But, to back up his claim, Mr. Egan noted that both he and Mr. Tanski were members of the National Association of Diocesan Attorneys, and that the organization sponsored an e-mail list-serve to share information about combating common problems, one of which was insurance litigation in connection with sexual abuse. Egan stated in P.50 that "…given the magnitude of the claims underlying this action, Plaintiff will be hesitant to avail itself of the benefits provided by the NADA knowing that attorneys from the law firm representing one of its principal opponents in this case have access to that organization's information…"

There were other aspects in the Diocese's motion (P.50) of equal or greater interest, as we shall see.

Getting back to the list I cited, let's go through these one by one:

- should all documents concerning Richard Lavigne be discoverable?

The former Rev. Richard Lavigne, who was placed on administrative leave by the Diocese in 1992, shortly after his conviction on child molestation, was the subject of a large settlement with alleged victims announced in 1994, and was finally defrocked in 2003.

But Lavigne cast a long shadow. More alleged victims were part of the 2004 settlement, and yet more are some of the underlying claimants in the 2008 insurance settlement.

Lavigne is important because some of the publicity surrounding his earlier appearances in court implicated his superiors, suggesting a cover-up. Since the insurers were combing the books for as much evidence as possible, they wanted to know as much as possible about Lavigne – specifically, what his superiors in the Diocese knew about abuse allegations, when they knew it, and how they responded.

But, the Diocese asserted that information about "other claims" (other than the Exhibit A and Exhibit B claims) was irrelevant. In court documents, the pending claimants are Exhibit A Abuse Claims, and the 2004 claimants are known as the Exhibit B Abuse Claims. The Diocese tried to confine evidence, and discovery, to these 108 claims.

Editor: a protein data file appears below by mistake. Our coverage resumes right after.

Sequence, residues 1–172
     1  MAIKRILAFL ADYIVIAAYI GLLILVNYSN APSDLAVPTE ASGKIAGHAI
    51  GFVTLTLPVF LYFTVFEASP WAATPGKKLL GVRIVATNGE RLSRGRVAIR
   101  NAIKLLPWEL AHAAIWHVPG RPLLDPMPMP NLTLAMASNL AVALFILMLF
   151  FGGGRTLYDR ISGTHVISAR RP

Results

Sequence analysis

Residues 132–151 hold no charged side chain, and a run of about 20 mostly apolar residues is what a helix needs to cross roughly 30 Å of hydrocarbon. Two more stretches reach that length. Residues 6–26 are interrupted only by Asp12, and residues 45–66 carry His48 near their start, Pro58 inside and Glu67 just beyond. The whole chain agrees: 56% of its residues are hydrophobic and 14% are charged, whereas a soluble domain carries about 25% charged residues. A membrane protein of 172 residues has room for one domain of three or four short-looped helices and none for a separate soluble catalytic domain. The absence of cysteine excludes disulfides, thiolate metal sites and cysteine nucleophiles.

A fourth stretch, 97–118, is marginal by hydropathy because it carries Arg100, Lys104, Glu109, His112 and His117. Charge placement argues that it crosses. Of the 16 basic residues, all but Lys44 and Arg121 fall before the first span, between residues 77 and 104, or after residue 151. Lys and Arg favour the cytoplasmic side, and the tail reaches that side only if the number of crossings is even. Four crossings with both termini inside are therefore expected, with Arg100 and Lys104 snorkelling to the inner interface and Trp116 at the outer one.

In P.69 the insurers complained that "…conspicuously absent from the Exhibit A and Exhibit B Abuse Claims, for example, are the 17 Abuse Claims that were asserted against Lavigne and which were settled for $1.4 million in 1994." [Diocesan documents released in 2004 state that the actual amount was $1.7 million, and that the settlement took place in 1993.]

The Diocese countered in P.73 that they did, indeed, provide information about this material and other material relating to claims involving Richard Lavigne. However, their focus was not on the 17 Abuse Claims from 1994, but rather on the connection between the A and B Claims, and the earlier ones:

"The material not produced by Plaintiff is material relating to claims by a person other than an Exhibit A and B claimant who alleges that he or she was abused by someone other than an alleged abuser named by an Exhibit A or B claimant. (For convenience, Plaintiff refers hereafter to these claims as "Other Claims.") If either the claimant or the alleged abuser was a person named in an Exhibit A or B claim, then Plaintiff produced the requested material, subject to Plaintiff's other objections based on privilege or lack of relevance. With regard to the Other Claims, Plaintiff refused to produce the material on the grounds that it was not relevant to the issues raised in this action."